Mulroney turned once more to a string of independent films, culminating with a celebrated pair of completely different parts - a comatose man in "The Safety of Objects" (2001) and a caddish TV actor in Nicole Holofcener's "Lovely & Amazing" (2001). Eschewing his usual sex appeal, he soon won raves as Jack Nicholson's dim-witted, mullet-sporting son-in-law-to-be in Alexander Payne's Oscar-nominated "About Schmidt" (2002). He still had to audition for the coveted role of Randall, but later showed his commitment to playing against his looks by donning a hairpiece and shaving off most of his real hair. After almost a decade off the small screen and as a favor to real-life friend Jennifer Aniston, Mulroney took immediately to his first ever sitcom, scoring laughs in a three-episode arc as Rachel's (Aniston) smarmy co-worker on "Friends" (NBC, 1994-2004).
Perhaps finally comfortable with the attention heaped upon his handsome features, Mulroney was in a position to choose his roles and willing to balance the lighter Hollywood fare with the more intense dramas. The unassuming, Southern father in David Gordon Green's "Undertow" (2004) was a far cry from the titular swoon-inducing escort-for-hire of "The Wedding Date" (2005). What was intended as a Debra Messing comedy vehicle turned out to be a scene stealer for Mulroney. Though he and Keener split after 15 years of marriage that Christmas, Mulroney carried on, starring as the eldest sibling of a dysfunctional family in the breezy surprise hit "The Family Stone" (2005), co-starring yet another top notch comedienne, Sarah Jessica Parker.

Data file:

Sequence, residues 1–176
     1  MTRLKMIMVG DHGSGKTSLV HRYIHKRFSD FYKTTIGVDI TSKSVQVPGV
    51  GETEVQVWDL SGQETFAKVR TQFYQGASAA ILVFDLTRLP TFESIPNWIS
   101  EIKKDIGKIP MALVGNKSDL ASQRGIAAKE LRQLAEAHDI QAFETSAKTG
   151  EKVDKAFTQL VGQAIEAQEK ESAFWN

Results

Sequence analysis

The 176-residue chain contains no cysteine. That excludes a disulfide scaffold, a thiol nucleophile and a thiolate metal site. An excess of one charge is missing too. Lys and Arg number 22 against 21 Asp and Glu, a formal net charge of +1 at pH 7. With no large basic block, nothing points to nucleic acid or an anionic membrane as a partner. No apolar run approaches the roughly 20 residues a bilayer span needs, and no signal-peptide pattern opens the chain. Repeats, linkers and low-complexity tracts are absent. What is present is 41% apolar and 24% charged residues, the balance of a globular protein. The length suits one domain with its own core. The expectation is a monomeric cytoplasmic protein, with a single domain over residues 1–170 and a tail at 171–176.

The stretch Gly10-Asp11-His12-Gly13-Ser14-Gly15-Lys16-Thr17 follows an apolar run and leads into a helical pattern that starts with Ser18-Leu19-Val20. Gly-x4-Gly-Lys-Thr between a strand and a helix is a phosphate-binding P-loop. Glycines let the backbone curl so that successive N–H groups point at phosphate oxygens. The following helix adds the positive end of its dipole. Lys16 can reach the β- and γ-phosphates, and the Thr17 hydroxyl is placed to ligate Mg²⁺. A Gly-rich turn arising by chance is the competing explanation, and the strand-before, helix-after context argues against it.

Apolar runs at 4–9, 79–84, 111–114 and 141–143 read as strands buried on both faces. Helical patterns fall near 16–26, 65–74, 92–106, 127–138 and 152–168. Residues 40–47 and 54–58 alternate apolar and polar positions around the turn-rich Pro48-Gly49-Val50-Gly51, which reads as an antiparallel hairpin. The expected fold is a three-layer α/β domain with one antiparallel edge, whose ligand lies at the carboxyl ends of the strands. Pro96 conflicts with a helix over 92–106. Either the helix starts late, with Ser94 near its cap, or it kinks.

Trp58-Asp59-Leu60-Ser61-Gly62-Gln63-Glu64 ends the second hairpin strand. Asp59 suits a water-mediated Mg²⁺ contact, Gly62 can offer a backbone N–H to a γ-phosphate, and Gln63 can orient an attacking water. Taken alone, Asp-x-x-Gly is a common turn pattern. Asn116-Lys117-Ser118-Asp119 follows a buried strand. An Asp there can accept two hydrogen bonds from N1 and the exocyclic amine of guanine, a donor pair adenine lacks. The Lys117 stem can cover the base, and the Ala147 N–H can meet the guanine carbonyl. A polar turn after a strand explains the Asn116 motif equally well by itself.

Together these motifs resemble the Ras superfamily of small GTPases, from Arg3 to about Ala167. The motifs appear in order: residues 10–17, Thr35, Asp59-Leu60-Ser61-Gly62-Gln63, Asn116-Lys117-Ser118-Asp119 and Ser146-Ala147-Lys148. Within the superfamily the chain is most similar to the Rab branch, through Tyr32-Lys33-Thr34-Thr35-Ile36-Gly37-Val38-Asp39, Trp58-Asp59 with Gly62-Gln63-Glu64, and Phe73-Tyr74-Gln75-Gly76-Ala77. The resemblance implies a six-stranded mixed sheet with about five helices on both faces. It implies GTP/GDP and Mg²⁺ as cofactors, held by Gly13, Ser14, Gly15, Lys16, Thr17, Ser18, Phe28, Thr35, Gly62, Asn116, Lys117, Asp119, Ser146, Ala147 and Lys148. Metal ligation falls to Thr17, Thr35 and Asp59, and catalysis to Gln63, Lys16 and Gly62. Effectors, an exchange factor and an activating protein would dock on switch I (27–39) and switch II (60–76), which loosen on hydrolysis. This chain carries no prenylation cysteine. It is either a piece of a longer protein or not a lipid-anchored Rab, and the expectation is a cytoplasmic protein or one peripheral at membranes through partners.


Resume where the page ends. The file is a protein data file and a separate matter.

In 2007, his career fully reflected his career balancing act. With his sobering portrait of a police captain caught up in the murder spree of the real-life serial killer of "Zodiac" (2007) fully behind him, he co-starred in Garry Marshall's family comedy "Georgia Rule" (2007), playing a small town veterinarian fending off the amorous attention of a wayward 18-year-old (Lindsay Lohan). After playing the father of a rebellious would-be soccer player (Carly Schroeder) in "Gracie" (2007), he had a small part in the Coen Brothers' "Burn After Reading" (2008), before starring opposite Greg Kinnear and Lauren Graham in "Flash of Genius" (2008). Meanwhile, he and estranged wife Keener finalized their divorce in 2007. Later that year, he became engaged to Tharita Catulle and married her in early 2008. He next had a small part in the action thriller "Abduction" (2011), playing Taylor Lautner's biological father, and was lost in the shuffle as Colonel Schwarzkopf in Clint Eastwood's acclaimed biopic "J. Edgar" (2011), starring Leonardo DiCaprio as J. Edgar Hoover. He then portrayed one of several ill-fated survivors of a plane crash in the Alaskan wildness who are hunted down by a pack of wolves in "The Grey" (2012).